I am friend with a guy in his late 20’s who has been looking for a house in Melb for the past few years. Initialy he didn’t compute a housing bubble. Even though he made the decision 2 weeks ago to buy – he was nevertheless concerned about if the property would go up or not.

    So my anecodal evidence is that while MSM and the general public may not be convinced of signifigant overvaluation of housing – nevertheless it is now at least on their radar!

  8. The banks have already said that the current deleveraging means that they cannot lend out as much in the future so the hoped for recovery does not have a funding source.

  9. The HIA has been spouting rubbush on the housing market for years – simply because it’s controlled by the land bankers, who will do whatever it takes politically to protect those artificially inflated land values.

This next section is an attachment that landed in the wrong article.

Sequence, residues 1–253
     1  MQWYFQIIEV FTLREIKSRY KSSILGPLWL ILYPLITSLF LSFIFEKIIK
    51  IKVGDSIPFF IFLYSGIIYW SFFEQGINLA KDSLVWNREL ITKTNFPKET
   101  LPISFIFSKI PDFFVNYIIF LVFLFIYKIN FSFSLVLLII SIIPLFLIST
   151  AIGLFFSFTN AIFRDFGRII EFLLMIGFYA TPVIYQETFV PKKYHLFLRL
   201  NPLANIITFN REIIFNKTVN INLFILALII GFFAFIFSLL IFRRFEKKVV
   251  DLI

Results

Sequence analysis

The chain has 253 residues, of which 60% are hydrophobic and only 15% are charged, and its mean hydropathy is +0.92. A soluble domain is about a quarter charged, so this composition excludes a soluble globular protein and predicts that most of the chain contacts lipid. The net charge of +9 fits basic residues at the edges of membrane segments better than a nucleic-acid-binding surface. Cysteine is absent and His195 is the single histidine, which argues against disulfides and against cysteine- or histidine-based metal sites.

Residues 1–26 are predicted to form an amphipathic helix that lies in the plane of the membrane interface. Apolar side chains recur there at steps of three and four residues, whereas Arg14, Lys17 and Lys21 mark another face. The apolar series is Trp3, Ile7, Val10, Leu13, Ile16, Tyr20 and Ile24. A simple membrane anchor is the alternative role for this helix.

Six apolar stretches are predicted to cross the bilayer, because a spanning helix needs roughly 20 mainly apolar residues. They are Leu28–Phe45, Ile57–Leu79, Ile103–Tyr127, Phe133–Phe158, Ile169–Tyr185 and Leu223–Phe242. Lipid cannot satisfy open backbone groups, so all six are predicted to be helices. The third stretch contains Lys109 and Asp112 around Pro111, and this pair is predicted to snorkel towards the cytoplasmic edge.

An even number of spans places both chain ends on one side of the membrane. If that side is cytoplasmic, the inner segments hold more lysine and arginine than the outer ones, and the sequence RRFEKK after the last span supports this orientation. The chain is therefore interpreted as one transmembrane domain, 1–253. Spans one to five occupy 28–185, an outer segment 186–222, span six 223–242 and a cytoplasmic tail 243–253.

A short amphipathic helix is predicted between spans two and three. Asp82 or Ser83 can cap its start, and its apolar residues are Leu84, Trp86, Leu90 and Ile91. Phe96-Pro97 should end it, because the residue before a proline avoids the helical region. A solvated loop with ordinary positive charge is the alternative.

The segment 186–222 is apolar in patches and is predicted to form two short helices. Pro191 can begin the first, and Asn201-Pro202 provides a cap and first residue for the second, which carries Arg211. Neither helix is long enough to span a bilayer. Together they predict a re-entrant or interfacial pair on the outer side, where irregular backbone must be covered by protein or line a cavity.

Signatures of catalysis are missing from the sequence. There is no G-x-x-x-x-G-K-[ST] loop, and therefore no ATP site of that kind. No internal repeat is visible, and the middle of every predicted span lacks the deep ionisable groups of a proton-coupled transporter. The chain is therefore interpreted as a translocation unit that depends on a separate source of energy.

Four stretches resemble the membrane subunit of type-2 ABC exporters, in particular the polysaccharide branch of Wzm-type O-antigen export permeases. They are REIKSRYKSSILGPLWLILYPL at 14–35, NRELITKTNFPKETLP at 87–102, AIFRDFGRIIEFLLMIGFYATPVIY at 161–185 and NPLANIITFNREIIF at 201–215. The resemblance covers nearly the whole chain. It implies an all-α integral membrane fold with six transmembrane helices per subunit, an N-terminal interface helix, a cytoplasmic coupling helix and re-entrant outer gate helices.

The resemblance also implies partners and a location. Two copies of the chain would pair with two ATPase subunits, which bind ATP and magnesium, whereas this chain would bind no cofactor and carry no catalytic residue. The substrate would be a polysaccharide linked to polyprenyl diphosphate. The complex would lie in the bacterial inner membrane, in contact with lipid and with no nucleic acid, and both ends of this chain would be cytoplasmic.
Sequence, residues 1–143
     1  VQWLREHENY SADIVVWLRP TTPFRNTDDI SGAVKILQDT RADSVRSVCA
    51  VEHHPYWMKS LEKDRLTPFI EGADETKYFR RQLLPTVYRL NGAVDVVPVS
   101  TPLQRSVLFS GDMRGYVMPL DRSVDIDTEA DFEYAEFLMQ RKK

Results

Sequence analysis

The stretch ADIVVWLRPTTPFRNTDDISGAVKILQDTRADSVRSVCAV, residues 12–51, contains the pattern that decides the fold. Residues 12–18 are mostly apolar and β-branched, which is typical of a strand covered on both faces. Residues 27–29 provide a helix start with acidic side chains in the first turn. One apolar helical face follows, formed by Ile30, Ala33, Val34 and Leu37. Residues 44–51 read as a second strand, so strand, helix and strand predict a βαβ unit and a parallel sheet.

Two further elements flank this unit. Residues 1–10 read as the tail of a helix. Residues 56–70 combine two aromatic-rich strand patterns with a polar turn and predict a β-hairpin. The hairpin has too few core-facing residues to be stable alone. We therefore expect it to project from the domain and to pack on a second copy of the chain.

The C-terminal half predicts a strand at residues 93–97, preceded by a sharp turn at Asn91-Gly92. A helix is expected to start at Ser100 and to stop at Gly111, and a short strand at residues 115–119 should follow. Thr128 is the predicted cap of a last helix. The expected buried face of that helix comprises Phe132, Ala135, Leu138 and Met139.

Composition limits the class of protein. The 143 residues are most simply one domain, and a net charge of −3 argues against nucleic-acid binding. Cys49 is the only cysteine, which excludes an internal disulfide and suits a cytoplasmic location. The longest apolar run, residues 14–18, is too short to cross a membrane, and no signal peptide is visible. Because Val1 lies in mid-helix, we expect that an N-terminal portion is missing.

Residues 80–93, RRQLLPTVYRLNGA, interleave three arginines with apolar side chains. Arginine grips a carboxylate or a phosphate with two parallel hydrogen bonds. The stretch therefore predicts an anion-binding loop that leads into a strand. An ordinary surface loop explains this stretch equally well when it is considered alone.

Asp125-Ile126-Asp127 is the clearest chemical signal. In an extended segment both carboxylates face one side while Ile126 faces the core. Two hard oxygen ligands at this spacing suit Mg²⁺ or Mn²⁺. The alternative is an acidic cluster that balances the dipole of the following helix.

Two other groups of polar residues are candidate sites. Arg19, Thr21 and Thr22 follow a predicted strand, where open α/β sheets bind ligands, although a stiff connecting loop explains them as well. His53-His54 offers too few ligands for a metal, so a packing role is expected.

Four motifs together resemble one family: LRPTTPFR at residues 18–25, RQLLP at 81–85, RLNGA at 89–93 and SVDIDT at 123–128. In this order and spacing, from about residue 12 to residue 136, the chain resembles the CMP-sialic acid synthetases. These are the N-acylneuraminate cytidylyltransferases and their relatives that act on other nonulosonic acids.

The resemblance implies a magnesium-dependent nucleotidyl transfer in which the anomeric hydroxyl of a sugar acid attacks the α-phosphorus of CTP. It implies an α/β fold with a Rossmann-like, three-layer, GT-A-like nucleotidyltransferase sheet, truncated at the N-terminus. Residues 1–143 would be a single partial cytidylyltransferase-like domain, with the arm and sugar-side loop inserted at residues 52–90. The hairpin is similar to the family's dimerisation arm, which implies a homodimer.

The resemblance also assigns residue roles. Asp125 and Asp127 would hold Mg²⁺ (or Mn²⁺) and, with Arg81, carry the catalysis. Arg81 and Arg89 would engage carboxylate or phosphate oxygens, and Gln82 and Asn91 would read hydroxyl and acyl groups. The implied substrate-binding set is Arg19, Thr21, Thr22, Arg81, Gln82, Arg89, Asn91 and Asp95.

Way back late 2007 I gave the HIS’s them Managing Director Dr Ron Silberberg a serve …. THE NEED FOR CLARITY …

    http://www.demographia.com/p-hia.pdf

    It is well past time industry people and the public generally woke up to the antics og the HIA.

    And too … the media needs to get in and explain to the public in Australia, how the land banker interests have control of these industry organisations.

    Hugh Pavletich
    Co author – Annual Demographia International Housing Affordability Survey
    http://www.demographia.com
    http://www.PerformanceUrbanPlanning.org
    Christchurch
    New Zealand

  10. This is gold:

    “A third constraining factor is the seemingly incessant talk of a housing bubble. This particular focus on fiction unnerves potential home buyers (and renovators) and therefore reduces construction activity.”

    I’d like to introduce the HIA to a brand new concept called ‘group/social psychology’. They may have heard of it? Well it turns out that economists have just realized it is important as well, but have rebadged it as ‘behavioural economics’ to try and steal key concepts from the psychology profession without due recognition.